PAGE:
Dutch Justice Minister Dilan Yeşilgöz led a chorus of outrage Wednesday over a just-released report showing widespread lack of awareness from Dutch citizens about the Nazi atrocities of World War II against Jews, especially among Millennials and Gen Z.
The survey revealed that 23 percent of Millennials and Gen Z, and 12 percent of all respondents, believe the Holocaust is a myth or that the number of Jews killed have been largely exaggerated — a figure that was higher in the Netherlands than in any country previously surveyed and asked the same question by The Conference on Jewish Material Claims Against Germany (Claims Conference), which conducted the report.
“This is not only shocking, it is also very serious,” Yeşilgöz said according to the Het Patrool newspaper. “As a society we have a lot of work to do. And soon too.”
Among the survey’s findings, 53 percent of all Dutch respondents and 60 percent of Millennials and Gen Z surveyed “did not cite” the Netherlands as a country where the Holocaust took place. There were several transit camps in the Netherlands used to deport Jews to Nazi concentration camps, such as Auschwitz-Birkenau, but more than half (59 percent of all respondents and 71 percent of Millennials and Gen Z) could not name a single transit camp that was located in their country.
“This country is broken,” said Harm Beertema, a Dutch politician with the Party for Freedom.
More than half of those surveyed (54 percent of all respondents and 59 percent of Millennial and Gen Z) did not know that 6 million Jews were murdered in the Holocaust. Additionally, only 17 percent of Millennials and Gen Z said the Dutch were collaborators during the Holocaust, and over half of those surveyed believed that most Dutch people were only victims during World War II.
“Almost eight decades after the end of the Holocaust, we are in the midst of a generational shift,” Richelle Budd Caplan, director of international relations and projects at the International School of Studies at Yad Vashem, told The Algemeiner. “As the survivors pass away, who will transmit the torch of Holocaust remembrance and education to future generations? How will the world continue to commemorate and learn from this history? Will the Holocaust become an all too distant memory, a one-off lesson relegated to the pages of history? These questions are particularly pertinent in light of this new survey highlighting just how little is actually known about the Holocaust amongst Dutch Millennials and Gen Z. This worrisome ignorance feeds an alarming, dark and diverse trend crossing the globe, encompassing Holocaust denial, distortion and the whitewashing of history.”
The survey also included questions about arguably one of the Holocaust’s most famous victims — German teenage diarist Anne Frank, who hid with her family in Amsterdam for two years in a secret annex before they were discovered by the Nazis. While most Dutch respondents (89 percent) were familiar with Frank, 32 percent of Millennials and 27 percent of all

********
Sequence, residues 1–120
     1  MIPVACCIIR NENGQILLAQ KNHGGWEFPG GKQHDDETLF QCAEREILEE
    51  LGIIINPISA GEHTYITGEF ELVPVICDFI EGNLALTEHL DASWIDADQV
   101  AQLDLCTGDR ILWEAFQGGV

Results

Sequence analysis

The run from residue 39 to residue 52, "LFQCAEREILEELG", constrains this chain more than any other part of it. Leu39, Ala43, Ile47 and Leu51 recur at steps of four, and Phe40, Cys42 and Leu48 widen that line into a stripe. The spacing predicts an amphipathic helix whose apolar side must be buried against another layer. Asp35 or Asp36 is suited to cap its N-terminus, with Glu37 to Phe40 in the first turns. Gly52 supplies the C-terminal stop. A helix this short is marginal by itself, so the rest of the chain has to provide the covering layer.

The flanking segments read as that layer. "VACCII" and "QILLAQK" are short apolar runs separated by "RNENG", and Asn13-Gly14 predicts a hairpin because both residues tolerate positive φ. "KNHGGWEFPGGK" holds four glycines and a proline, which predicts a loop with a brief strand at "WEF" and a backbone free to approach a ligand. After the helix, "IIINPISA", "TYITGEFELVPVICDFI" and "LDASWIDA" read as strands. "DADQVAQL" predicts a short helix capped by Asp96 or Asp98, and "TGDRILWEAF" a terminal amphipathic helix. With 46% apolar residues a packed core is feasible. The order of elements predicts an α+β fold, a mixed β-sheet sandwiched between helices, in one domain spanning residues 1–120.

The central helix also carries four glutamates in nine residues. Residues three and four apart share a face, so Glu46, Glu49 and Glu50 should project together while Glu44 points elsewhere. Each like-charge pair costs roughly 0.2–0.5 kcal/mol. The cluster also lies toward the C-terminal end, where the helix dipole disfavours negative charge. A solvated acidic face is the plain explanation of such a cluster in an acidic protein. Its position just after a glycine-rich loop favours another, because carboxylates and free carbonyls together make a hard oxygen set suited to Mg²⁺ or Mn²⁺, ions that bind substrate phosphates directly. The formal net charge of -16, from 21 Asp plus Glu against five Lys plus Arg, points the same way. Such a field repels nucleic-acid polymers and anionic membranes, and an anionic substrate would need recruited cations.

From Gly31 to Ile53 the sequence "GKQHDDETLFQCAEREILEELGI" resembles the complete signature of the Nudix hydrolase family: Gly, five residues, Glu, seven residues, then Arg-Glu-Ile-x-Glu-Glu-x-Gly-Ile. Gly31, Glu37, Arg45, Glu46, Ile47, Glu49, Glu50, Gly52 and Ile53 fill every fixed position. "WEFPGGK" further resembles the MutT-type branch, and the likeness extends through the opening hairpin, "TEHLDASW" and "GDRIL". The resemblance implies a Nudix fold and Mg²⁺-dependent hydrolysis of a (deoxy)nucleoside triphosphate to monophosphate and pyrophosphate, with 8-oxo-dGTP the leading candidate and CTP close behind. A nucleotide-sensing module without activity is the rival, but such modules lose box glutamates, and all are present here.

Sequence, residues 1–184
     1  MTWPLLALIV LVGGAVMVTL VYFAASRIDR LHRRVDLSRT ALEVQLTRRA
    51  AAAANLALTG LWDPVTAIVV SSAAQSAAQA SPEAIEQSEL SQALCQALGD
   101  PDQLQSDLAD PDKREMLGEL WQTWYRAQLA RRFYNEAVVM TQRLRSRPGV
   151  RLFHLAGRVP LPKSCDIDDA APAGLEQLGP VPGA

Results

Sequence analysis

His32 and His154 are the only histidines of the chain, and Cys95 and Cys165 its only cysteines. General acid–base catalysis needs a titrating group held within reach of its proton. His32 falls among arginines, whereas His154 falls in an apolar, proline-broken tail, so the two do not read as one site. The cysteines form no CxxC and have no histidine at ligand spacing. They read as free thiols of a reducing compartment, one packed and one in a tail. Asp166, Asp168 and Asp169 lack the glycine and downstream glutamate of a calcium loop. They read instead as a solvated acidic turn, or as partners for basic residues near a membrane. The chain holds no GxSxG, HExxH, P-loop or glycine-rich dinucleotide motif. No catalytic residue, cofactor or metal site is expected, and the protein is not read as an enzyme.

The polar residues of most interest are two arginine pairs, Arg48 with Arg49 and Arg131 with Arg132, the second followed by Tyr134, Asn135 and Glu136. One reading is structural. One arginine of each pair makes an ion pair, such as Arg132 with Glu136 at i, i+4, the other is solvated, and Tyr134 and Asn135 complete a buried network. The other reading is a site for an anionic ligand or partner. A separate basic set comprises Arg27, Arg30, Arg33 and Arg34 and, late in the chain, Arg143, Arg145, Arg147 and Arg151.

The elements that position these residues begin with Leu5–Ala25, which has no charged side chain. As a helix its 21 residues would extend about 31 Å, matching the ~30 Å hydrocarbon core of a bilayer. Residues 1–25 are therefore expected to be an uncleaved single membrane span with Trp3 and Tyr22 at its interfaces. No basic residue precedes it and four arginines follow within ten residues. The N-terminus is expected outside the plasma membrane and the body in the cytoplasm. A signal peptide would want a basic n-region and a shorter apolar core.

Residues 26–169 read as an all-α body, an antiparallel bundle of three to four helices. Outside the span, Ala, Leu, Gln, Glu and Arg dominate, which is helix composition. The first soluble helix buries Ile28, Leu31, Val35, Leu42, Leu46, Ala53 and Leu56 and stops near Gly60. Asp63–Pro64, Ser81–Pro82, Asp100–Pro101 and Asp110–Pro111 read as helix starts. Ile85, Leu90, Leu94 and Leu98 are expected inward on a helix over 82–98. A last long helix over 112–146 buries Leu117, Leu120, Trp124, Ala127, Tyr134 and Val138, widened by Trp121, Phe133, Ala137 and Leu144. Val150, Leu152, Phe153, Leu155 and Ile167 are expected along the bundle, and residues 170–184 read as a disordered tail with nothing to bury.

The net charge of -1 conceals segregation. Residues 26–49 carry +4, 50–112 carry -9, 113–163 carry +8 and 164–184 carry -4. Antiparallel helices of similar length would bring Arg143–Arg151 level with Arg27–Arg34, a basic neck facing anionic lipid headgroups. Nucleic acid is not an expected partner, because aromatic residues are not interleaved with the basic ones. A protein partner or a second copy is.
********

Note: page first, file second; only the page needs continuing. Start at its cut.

adults surveyed do not know that she died in a concentration camp.
“This is a worrying development and underlines the importance of Holocaust education in Dutch education,” The Anne Frank House said in a statement on Wednesday about the survey’s findings.
A Bright Spot: Holocaust Education
The survey also showed that although many of the Dutch respondents lack in their own Holocaust knowledge, they support Holocaust education. Two-thirds (66 percent) of everyone surveyed and a majority of Dutch Millennials and Gen Z (57 percent) agreed that Holocaust education should be mandatory in school, and 77 percent of all respondents said it is important to continue to teach about the Holocaust.
“It does not come as a surprise that the Dutch in general and the younger generation in particular do not have sufficient knowledge of the history of the Holocaust. But I am shocked, because the numbers are even higher than we thought they would be,” Emile Schrijver, survey task force member and general director of the Jewish Cultural Quarter in Amsterdam, told The Algemeiner. She added, “What is also shocking is that, apparently, the way in which we teach Holocaust is totally insufficient.”
Caplan told The Algemeiner he hopes more Dutch educators will take part in professional development trainings and apply to study in Yad Vashem’s International School for Holocaust Studies to learn how to teach about the Holocaust and combat Holocaust distortion. He explained, “It is incumbent upon us to buttress our efforts worldwide to combat Holocaust denial and distortion.”
Dutch Holocaust survivor Max Arpels Lezer — whose mother was taken to the Westerbork transit camp and then deported to Auschwitz — said in a released statement he is “upset and deeply concerned” by the survey’s findings and that “many of my countrymen do not even know their own national history.”
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Author: Shiryn Ghermezian
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